Platypus on the bank of a waterway

The platypus (Ornithorhynchus anatinus) is one of the world’s most unique animals.

The remarkable platypus!

Picture an animal with the bill of a duck, the fur of an otter and the tail of a beaver – that’s our amazing platypus!

But it doesn’t stop there:

  • they are a warm-blooded mammal and feed milk to their young
  • they lay eggs like a reptile or bird
  • they have electroreceptors in their bill like a shark
  • they are venomous like a snake.

Who would think that all these features could be found in the platypus. This makes them one of the most unique creatures on Earth.

Freshwater homes

Platypuses commonly live in the rivers, streams and lakes of eastern Australia, from Queensland to Tasmania. They are excellent swimmers, spending most of their days underwater searching for worms, small shrimp and crayfish and insect larvae.

Although they are not listed as a threatened species in NSW, we don’t know much about where they are living.



Fun facts and features

  • Platypuses have a streamlined body and broad, flat tail that is covered with two layers of fur – for insulation and waterproofing. Their fur traps a layer of air next to their skin so they can remain buoyant and dry when they’re underwater.
  • The platypus uses its tail for storage of fat reserves.
  • Behind its distinctive bill are the grooves that house the ear openings and the eyes which close when the animal dives.
  • A platypus bill is flexible, rubbery and feels like suede. It’s used to dig up food from the riverbed. It is also highly sensitive. They use electroreceptors on their bills to detect electrical signals given off by moving prey.
  • The strong claws are used for burrowing and moving on land.
  • Expert swimmers, platypus use their webbed feet to propel themselves and use their tails to steer through the water.
  • Males possess a horny spur on their ankles, which is connected to a venom gland in the upper leg, making the platypus one of the few venomous mammals.
  • Despite being a mammal, platypuses lay eggs – making them a monotreme. They also secrete milk to feed their young.
  • The platypus spends about 12 hours every day underwater looking for food, 30 to 140 seconds at a time. They eat freshwater shrimp and crayfish, insect larvae and worms.
  • Platypus can grow up to 60 cm long and males can weigh 3 kg; females 1.7 kg.
  • The name platypus comes from the Greek word for ‘flat-footed’. They’re awkward on land, walking on their knuckles to protect the webbing of their feet.
  • The name for a baby platypus is a puggle.


Classroom activities

Build a platypus habitat

What you need

  • shoe boxes
  • art supplies e.g. clay, paper, cellophane,  paint, markers
  • materials from the garden e.g. leaves, pebbles, sand, twigs
  • reference images of platypus habitats.


  • Discuss where platypus like to live, their preferred habitats. Emphasising features like water bodies, burrows and surrounding vegetation.
  • Divide students into small groups and inform them that they will be creating a platypus habitat in a shoebox. 
  • Encourage students to plan their habitats, considering the layout, elements and materials needed.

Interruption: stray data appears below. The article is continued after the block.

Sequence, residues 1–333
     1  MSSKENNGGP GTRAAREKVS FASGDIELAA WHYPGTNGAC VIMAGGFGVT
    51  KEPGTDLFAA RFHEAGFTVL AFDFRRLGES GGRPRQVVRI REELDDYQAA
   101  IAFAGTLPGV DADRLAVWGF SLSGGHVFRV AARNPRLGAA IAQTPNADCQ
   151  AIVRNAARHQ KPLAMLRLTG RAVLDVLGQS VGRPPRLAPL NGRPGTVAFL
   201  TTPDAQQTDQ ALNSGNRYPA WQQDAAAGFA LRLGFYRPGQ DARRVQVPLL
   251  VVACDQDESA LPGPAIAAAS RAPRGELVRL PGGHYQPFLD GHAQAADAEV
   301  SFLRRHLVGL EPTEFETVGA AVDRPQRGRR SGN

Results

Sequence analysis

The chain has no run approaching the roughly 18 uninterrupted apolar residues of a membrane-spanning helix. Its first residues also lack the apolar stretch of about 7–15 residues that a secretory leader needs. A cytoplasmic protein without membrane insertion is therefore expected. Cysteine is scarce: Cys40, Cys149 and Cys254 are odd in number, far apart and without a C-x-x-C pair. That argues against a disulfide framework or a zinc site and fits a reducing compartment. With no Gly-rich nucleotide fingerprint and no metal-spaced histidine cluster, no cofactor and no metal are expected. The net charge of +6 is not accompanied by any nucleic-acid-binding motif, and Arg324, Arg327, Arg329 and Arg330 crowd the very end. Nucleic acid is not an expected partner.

• Using the provided materials, students create their platypus habitats inside the shoe boxes.
  • Each group presents their habitat, explaining the features they included and why they are important for a platypus’s survival.

Life cycle diagram

What you need 

  • life cycle diagram activity sheet
  • drawing/colouring supplies


  • Watch: A year in the life of one of Earth’s weirdest animals
  • Discuss the different stages you noticed in the video. 
  • Explain the life cycle stages of the platypus, highlighting egg-laying and hatching processes.
  • Distribute the activity sheet and guide students to fill in each stage of the platypus life cycle, including egg laying, hatching, growth and adulthood.
  • Encourage students to illustrate each stage, emphasising key features or behaviours relevant to that stage.
  • Alternatively, have you students create their own drawings of the life cycle stage. 

Platypus role-play


  • Watch some videos of platypus. Have your class take note of the way the platypus moves and why it is moving that way. 
  • Assign different platypus behaviours or activities to groups of students. Groups are going to act out the movements of a platypus doing that behaviour. Allocate one person in each group to be the “David Attenborough” narrator, describing what the ‘platypuses’ in the group are doing.
  • Examples include:
    • hunting for worms or crustaceans underwater
    • digging a burrow to create a nest
    • walking on land and over obstacles to get from one waterhole to another
    • swimming in the waterhole.
  • Allow time for groups to plan and rehearse their role-play scenarios.
  • Each group performs their scenarios in front of the class, embodying the behaviours and activities of the platypus.
  • After each performance, talk about the behaviours and their significance to a platypus’s life.

Have you seen a monotreme?

  • The story celebrates diversity as a platypus journeys along the river, trying to find her place in the animal kingdom. 
  • Read this story and use some of the fact to help complete the activity sheets. 
  • Purchase the book